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printed truth and actual truth of the period, in writing to Clarke, also from Schønbrunn, on the 2nd October :

Write to General Senarmont and to the director of the park to give an account of the artillery lost at the battle of Talavera ; that the smallest omission will be criminal; that it is not for printing, but in order to know the truth.'

The following letter from Napoleon to Clarke is also characteristic. It shows that he systematically deceived his own troops as well as his enemies :To General Clarke, Count of Hunebourg.

Schønbrunn, 10 Oct., 1809. “I desire that you should write to the King of Spain to make him understand that nothing is more contrary to military rules than to make known the strength of one's army, either in orders of the day or in the gazettes; that when one is induced to speak of one's forces, one ought to exaggerate them and represent them as formidable by doubling or even trebling their numbers, and that when one speaks of the enemy, one ought to diminish his force by a half or a third ; that in warfare all depends upon moral force. When I conquered the Austrian army at Eckmühl, where I was one against five, my soldiers believed, nevertheless, that they were at least equal to the enemy; and even to this day, notwithstanding the length of time that has elapsed since we came into Germany, the enemy does not know our real strength. . . . . Consequently, in my Italian campaigns, where I had but a handful of men, I exaggerated my force. That has serred my purpose and has not diminished my glory.'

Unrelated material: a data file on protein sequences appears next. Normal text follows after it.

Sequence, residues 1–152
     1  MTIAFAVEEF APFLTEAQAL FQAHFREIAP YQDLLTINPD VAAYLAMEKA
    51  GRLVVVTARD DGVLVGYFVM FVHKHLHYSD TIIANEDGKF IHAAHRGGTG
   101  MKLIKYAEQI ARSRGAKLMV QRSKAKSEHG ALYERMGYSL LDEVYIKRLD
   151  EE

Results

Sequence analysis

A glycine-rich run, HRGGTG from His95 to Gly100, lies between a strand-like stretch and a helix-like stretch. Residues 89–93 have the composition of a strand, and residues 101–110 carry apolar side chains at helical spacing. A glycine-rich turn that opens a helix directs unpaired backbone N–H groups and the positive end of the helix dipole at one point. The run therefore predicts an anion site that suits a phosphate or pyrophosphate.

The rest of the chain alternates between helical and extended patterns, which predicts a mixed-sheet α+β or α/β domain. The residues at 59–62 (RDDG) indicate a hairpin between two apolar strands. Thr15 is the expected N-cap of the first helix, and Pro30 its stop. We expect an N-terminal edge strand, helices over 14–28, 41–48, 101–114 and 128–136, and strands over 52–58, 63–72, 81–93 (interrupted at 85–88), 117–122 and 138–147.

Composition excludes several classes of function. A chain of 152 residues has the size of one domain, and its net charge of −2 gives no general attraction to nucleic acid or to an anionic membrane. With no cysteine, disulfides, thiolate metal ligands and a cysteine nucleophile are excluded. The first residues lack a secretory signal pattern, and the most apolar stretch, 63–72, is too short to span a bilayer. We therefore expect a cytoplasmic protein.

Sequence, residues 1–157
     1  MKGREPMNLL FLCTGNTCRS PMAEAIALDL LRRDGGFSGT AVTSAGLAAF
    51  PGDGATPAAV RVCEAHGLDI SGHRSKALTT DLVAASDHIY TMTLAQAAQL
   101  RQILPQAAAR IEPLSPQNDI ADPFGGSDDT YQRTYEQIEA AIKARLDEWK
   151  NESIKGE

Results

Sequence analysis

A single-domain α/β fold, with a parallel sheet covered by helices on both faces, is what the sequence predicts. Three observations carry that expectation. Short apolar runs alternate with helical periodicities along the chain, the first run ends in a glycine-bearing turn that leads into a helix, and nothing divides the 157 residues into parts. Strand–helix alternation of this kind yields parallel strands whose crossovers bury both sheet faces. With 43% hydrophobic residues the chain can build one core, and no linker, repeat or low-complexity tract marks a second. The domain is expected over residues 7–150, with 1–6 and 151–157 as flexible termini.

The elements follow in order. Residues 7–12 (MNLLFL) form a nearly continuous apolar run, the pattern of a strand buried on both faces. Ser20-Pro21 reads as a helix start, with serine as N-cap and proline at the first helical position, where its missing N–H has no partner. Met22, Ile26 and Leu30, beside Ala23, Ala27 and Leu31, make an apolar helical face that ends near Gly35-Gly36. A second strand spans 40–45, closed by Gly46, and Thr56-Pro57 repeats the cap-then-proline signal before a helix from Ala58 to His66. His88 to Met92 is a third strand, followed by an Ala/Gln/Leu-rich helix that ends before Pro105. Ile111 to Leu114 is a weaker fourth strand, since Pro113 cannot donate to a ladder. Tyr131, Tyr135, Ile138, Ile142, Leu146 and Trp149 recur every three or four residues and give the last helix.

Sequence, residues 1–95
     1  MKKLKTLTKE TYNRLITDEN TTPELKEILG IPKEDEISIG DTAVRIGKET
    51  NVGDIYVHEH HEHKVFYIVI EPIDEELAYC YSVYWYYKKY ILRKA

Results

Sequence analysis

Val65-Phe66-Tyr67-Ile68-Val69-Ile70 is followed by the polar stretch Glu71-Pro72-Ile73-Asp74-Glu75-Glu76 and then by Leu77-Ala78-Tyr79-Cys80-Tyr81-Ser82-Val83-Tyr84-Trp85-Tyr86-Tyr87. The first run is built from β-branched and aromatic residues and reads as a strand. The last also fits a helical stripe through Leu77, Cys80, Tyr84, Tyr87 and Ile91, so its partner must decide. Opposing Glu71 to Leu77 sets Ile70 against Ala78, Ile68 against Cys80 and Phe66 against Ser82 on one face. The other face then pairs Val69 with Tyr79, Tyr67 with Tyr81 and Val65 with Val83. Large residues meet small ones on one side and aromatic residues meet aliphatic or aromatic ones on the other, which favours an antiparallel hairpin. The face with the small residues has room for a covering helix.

Napoleon, therefore, poured fresh reinforcements into the Peninsula, until nine corps, comprising 380,000 men, were collected under his most trusted commanders in the spring of 1810; and these he naturally thought sufficient at once to overawe the Spaniards and to drive the 30,000 men of the English leopard into the sea. The latter duty was especially confided to Massena, his best Marshal, whose army of Portugal was to consist of 100,000 men; and of whom Wellesley afterwards said, when questioned as to the relative merits of his opponents, 'I only know this, I always found Massena where I did not want him.'

Lord Wellington was, then, compelled after the battle of Talavera to fall back to Badajoz; and after the defeat inflicted by Soult, with 30,000 men, upon Areizaga with 50,000 Spaniards, at Oçana, on the 19th November, he was further obliged to retire from that advantageous position. He therefore, at the end of December, re-entered Portugal, and established himself in Beira, with Viseu as his head-quarters, resolved not to give up the game as long as it could be played, though he had previously prayed that if he did fail, God might have mercy upon him, for surely no one else would.'